Case of failure for stanfard derivations.

First we rework some of the standard details with the explicit assumption that we are dealing with finite matrices.

Let x, y and z be Hermitean matrices defined as operators on the n-dimensional complex Hilbert space Hilb(n) equipped with the usual Euclidean inner product with respect to which x, y and z are Hermitean, such that:

[x, y] = i z (13.1) where the commutator is defined using an associative product [x, y] := xy - yx

Then all spectral values of x, y, and z are real. Further assume that x and y have non-degenerate spectra, so that there exists for x and for y, an orthonormal basis of eigenvectors spanning Hilb(n). Define for an arbitrary vector |psi>, the expectation value, rms uncertainty and translated operator for x:

<psi|x|psi> <x> := ----------- (13.2a) <psi|psi> (DELTA x)^2 := < ( x - <x> )^2 > = < x^2 > - <x>^2 (13.2b) X := x - <x> (13.2c) so that (DELTA x)^2 = < X^2 > (DELTA y)^2 = < Y^2 > and [X, Y] = izNote that no normalization and consequent passing to the associated projective ray space of Hilb(n) has been explicitly assumed; yet, expectation values are, as in QM invariant under an overall phase transformation of the vector. Then, the Schwartz inequality

Cf. [Appendix A],

|<x|x>|^2 |<y|y>|^2 >= |<x|y>|^2 (13.3) implies <X^2> <Y^2> >= |<XY>|^2 (13.4) We have identically XY = (1/2)[X, Y] + (1/2){X, Y} where the Jordan product or anticommutator is defined as, {X, Y} := XY + YX Then taking the expectation value and using (13.1), <XY> = (1/2)<iz> + (1/2)<{X, Y}> we have from (13.4) (DELTA x)^2 (DELTA y)^2 >= |(i/2)<z> + (1/2)<{X, Y}>|^2 (13.5) where (1/2)<{X, Y}> = (1/2)<{x, y}> - <x><y> (13.6)Equation (13.6) is frequently said to be the quantum analog of the covariance of x and y. That the analogy is not perfect is the conclusion of [Margenau 1963]. Margenau states that in QM, if (13.6) is adopted as a probablistic covariance, then, with {x_i} and {y_j} being the associated spectral sets, joint probabilities p(x_iy_j; psi) calculated in the standard relation

Cov(X, Y) = SIGMA p(x_i y_j; psi) x_i y_j - <x><y> i j can be negative.Here, since X and Y are both Hermitean, it is easy to show that {X, Y} is Hermitean. Its expectation values will then be real. So the left hand side of (13.5) is the absolute value of a complex number in Cartesian form. Equation (13.5) then becomes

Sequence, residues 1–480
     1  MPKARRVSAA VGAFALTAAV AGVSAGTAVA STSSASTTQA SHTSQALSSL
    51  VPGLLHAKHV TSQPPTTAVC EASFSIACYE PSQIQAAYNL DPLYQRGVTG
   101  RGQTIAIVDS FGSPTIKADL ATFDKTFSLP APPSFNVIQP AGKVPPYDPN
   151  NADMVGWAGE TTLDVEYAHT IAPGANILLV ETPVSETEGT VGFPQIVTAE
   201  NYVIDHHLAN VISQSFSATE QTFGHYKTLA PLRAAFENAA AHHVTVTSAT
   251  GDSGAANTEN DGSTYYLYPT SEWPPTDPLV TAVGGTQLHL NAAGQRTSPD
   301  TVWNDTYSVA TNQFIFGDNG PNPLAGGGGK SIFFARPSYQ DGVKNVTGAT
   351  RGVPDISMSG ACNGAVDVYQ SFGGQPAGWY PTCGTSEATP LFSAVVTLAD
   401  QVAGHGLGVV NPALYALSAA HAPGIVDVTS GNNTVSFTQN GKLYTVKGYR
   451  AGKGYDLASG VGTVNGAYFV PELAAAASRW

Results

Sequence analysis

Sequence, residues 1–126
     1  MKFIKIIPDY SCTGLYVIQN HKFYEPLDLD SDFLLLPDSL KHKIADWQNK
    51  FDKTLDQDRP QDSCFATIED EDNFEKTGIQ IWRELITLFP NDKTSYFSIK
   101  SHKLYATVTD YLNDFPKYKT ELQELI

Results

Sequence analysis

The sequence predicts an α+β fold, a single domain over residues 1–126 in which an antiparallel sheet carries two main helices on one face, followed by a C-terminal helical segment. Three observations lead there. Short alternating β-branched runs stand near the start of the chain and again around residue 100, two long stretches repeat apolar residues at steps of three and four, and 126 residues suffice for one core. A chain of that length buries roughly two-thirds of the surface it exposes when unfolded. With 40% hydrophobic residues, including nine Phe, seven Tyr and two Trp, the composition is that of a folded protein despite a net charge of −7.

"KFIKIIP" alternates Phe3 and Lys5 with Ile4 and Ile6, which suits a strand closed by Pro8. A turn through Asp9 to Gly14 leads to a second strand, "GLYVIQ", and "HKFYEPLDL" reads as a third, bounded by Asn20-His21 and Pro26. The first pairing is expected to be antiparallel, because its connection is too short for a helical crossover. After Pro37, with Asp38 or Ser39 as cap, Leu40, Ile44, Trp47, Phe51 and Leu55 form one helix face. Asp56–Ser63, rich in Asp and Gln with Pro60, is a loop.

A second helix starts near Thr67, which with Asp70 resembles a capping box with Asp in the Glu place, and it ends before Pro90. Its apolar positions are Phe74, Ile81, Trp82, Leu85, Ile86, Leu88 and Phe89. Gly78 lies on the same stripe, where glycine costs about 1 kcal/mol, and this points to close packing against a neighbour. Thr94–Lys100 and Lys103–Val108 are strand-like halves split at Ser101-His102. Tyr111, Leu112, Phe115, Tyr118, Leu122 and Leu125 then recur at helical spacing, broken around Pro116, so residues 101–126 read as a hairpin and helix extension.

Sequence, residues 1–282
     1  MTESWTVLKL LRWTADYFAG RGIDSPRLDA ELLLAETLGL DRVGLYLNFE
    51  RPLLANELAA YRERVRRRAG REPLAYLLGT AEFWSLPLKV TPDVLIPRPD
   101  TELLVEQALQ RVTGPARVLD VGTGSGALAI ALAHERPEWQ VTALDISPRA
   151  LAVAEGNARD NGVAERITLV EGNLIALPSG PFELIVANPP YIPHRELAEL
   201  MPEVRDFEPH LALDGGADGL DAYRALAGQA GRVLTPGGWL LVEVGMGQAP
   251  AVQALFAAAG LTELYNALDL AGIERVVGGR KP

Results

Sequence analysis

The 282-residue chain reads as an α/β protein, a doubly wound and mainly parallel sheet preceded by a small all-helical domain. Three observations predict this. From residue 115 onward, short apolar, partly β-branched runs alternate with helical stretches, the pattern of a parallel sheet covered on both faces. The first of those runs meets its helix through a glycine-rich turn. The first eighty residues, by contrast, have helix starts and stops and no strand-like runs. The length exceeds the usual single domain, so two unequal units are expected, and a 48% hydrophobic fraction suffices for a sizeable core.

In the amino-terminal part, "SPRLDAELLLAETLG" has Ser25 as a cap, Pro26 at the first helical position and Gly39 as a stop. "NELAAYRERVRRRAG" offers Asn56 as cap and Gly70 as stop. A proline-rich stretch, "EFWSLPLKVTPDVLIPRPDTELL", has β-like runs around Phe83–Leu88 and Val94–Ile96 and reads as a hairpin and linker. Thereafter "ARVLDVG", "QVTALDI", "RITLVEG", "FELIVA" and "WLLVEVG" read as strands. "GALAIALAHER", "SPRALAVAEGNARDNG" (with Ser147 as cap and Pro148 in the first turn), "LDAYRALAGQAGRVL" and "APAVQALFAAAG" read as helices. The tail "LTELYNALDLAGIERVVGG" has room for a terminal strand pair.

(DELTA x)^2 (DELTA y)^2 >= (1/4)<z>^2 + (1/4)<{X, Y}>^2 (13.7) So, in particular for any n, we have, particularizing to Q(n) and P(n), (DELTA Q(n))^2 (DELTA P(n))^2 >= 1/4 <G(n)>^2 + 1/4 <{Q(n), P(n)}>^2 (13.8a)

From Corollary 8.2.2 in [Section VIII], we see the existence of |psi> for which <psi|psi> not= 0,

and <psi|G(n)|psi> not= 0, but for which <psi|{X, Y}|psi> = 0.

Note:

Formalistically, if the vector in question |psi> is an eigenvector of either x or y, then <{X, Y}> = 0. [lemma 8.1]

Further then, <G> = 0. The same phenomenon appears in the usual uncertainty derivation for QM. [Davidson 1965]. In QM, say x|xi> = xi |xi>, then from the canonical commutation relation [x, y] = I, one proves 0 = 1. The error there is a domain problem, assuming that x is selfadjoint with respect to y|xi>. [Carruthers 1968] Discussion of the situation with FCCR is of a different nature.

If <G> = 0, it appears that the uncertainty relation is violated. Prototypical vectors for which this holds are the eigenvectors of Q(n) and P(n). Assume that |n, k> are physically realizable. Then the diagonalizing transformation for Q(n) is real orthogonal. If G(n) is to be form invariant under some group of canonical transformations [Section XI], the diagonalizing [lemma 8.1] transformation for Q(n) is not allowed; similarly the diagonalizing transformation for P(n) being unitarily equivalent to the diagonalizing transformation for Q(n), is also is not allowed. Physically then, although the eigenvectors of Q(n) and P(n) exist mathematically, they are not physically accessible by a coordinate transformation from vectors for which <G> > 0 or for <G> < 0, this in analogy to the unreachability of the light cone from spacelike or timelike points of a Minkowskian space under Lorentz transformations. This introduces a notion of intrinsic dispersion attached to the vectors of "position" and "momentum" when viewed from a timelike or spacelike point of view. On the lightcone, however, the notions of position and momentum become intrinsically discrete. In [Zeeman 1967] it is argued that the physically correct topology on the lightcone should indeed be discrete. The question then arises as to how close one can come to the eigenvectors without destroying the form invariance of G(n). The uncertainty relation may be saved from violation by some mechanism, but the specifics of the rescue are not yet obvious. Notice that it is not saved by the "covariance" term since

<q(n, k)|{Q(n), P(n)}|q(n, k)> = 2 q(n, k) <q(n, k)|P(n)|q(n, k)> = 0 With this, the foregoingWhich expresses the uncertainty relation for FCCR in analogy to QM. There is, however, one major difference from QM. G(n) is not the n-dimensional identity, and is not a strictly positive nor a strictly negative operator.caveat, (13.8a) becomes (DELTA Q(n))^2 (DELTA P(n))^2 >= (1/4) <G(n)>^2 (13.8b)

Therefore, <psi|G(n)|psi>, and consequently, <G(n)> := <psi|G(n)|psi>/<psi|psi> can be positive, negative or zero. In fact given the known spectrum of G(n), it is clear that -(n-1) <= <G(n)> <= +1 so the spectral radius of G(n) rho( G(n) ) = (n-1)